Data Center Servers are Critical For Business Continuity

Business Continuity and Data Center’s issues

Business transactions delivered from the data center pose major challenges to business continuity.

Disaster Recovery
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Data center infrastructure and the networks that support it play a prominent role in automating business processes and communication across the organization, customers, partners, suppliers and regulators to ensure the organization continues to run during a disaster. Connectivity in data center infrastructure and the networks can be adversely affected by bottlenecks or complete failure due to network outages, hardware failures, human error and natural disasters.

Data center servers are vital corporate assets and keep the network up and running. Below are five areas that CIOs need to look for to create a reliable application delivery infrastructure for business continuity planning:

  • Server load balancing  – Server load balancing ensures application availability, facilitates tighter application integration, and intelligently and adaptively load balances user traffic based on a suite of application metrics and health checks. It also load balances IPS/IDS devices and composite IP-based applications, and distributes HTTP(S) traffic based on headers and SSL certificate fields.
  • Link load balancing – Link load balancing addresses WAN reliability by directing traffic to the best performing links. Should one link become inaccessible due to a bottleneck or outage, the ADC takes that link out of service, automatically directing traffic to other functioning links.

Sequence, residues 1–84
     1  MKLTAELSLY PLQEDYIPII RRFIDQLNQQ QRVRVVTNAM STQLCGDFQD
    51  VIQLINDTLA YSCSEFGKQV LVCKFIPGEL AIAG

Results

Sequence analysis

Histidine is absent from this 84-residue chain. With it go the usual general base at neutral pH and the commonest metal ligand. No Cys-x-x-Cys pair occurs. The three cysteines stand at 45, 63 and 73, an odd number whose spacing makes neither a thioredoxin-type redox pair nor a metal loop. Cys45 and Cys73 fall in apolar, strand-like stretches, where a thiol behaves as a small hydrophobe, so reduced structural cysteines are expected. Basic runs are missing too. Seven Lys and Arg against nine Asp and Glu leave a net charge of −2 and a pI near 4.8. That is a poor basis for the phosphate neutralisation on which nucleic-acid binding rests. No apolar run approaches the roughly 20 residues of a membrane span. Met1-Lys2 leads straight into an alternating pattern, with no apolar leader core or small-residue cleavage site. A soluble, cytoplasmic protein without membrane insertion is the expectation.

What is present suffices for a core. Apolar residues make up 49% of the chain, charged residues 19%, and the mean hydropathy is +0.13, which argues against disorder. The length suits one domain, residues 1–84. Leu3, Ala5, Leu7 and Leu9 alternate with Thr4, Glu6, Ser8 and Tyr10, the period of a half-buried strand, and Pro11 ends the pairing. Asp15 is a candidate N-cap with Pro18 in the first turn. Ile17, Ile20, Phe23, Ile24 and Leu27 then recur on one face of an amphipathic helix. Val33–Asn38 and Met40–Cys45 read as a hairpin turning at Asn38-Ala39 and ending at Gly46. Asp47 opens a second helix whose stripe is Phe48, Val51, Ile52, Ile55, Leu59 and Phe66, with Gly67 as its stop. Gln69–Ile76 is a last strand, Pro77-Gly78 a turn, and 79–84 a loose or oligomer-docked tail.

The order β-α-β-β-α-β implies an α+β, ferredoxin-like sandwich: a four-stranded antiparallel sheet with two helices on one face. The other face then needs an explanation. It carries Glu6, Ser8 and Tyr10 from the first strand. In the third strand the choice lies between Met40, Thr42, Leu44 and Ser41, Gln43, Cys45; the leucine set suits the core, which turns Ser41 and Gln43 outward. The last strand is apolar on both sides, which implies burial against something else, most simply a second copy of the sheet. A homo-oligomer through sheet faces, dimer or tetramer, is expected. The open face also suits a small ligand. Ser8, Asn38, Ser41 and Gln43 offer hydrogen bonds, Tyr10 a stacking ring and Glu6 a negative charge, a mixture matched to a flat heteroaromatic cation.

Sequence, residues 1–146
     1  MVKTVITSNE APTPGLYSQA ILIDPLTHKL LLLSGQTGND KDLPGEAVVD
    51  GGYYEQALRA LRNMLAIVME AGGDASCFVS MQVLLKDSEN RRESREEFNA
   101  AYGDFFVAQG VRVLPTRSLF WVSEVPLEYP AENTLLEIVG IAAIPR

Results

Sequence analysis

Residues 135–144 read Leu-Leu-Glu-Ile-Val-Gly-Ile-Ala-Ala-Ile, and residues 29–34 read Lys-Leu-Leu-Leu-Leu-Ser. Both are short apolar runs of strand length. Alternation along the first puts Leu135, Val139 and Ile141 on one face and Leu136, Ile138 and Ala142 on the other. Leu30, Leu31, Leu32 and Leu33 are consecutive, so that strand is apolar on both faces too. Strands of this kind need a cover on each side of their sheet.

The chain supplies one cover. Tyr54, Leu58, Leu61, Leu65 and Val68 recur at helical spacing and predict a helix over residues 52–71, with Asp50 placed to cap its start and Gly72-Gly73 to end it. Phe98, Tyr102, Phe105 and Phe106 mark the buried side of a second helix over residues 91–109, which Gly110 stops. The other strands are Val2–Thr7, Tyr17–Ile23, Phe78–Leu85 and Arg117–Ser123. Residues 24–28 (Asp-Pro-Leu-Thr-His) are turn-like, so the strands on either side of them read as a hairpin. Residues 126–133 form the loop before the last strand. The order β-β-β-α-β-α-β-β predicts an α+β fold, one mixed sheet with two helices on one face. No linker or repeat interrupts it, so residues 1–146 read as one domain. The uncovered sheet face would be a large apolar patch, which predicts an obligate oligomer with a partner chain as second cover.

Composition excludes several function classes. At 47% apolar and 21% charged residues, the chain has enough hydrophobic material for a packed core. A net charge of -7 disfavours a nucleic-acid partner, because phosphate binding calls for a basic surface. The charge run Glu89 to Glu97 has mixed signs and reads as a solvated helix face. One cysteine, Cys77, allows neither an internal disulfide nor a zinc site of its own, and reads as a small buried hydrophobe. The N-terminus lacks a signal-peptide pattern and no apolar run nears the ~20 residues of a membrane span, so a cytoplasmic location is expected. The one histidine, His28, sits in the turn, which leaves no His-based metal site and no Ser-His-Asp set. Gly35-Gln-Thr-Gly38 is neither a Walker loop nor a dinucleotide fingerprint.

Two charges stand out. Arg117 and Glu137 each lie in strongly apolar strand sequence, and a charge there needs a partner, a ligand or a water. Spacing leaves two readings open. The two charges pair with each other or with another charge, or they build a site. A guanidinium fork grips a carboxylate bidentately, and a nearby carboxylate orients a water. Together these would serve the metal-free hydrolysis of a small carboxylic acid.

• Global server load balancing – Geographical load balancing provides reliability between geographically dispersed data centers. ADCs redirect traffic to the best performing sites based on latency, site performance and user location. Global load balancing delivers high availability; if one site goes down, traffic will automatically redirect to other working sites.
  • SSL acceleration  – The National Institute of Standards and Technology (NIST) has mandated that businesses transition from 1028-bit SSL encryption to the more secure 2048-bit standard. Tests indicate that 2048-bit SSL encryption is 500 percent more resource intensive than 128-bit encryption. The result is that existing infrastructure will likely become bogged down supporting the new standard, impacting availability and the user experience for critical business processes.
  • TCP acceleration – With the rise of BYOD mobile traffic is increasingly outpacing traditional network traffic. Mobile traffic also uses far more connections and opens and closes connections far more often than traditional network traffic. Over time, legacy data center equipment will be unable to keep pace and application availability will suffer.

CIOs need to ensure the availability, performance and security of applications, servers and other devices within the data center, to validating reliable connectivity to global networks, to ensuring the availability of business processes under worst-case scenarios, application delivery controllers can for an organization’s business continuity plan.

Whether deployed in traditional data centers or in public or private clouds, modern application delivery controllers provide the features and performance needed to ensure business continuity while at the same time improving efficiencies, supporting next-generation standards and preparing organizations for growing trends in the areas of mobile and cloud computing.

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Author: Victor Janulaitis

M. Victor Janulaitis is the CEO of Janco Associates. He has taught at the USC Graduate School of Business, been a guest lecturer at the UCLA's Anderson School of Business, a Graduate School at Harvard University, and several other universities in various programs.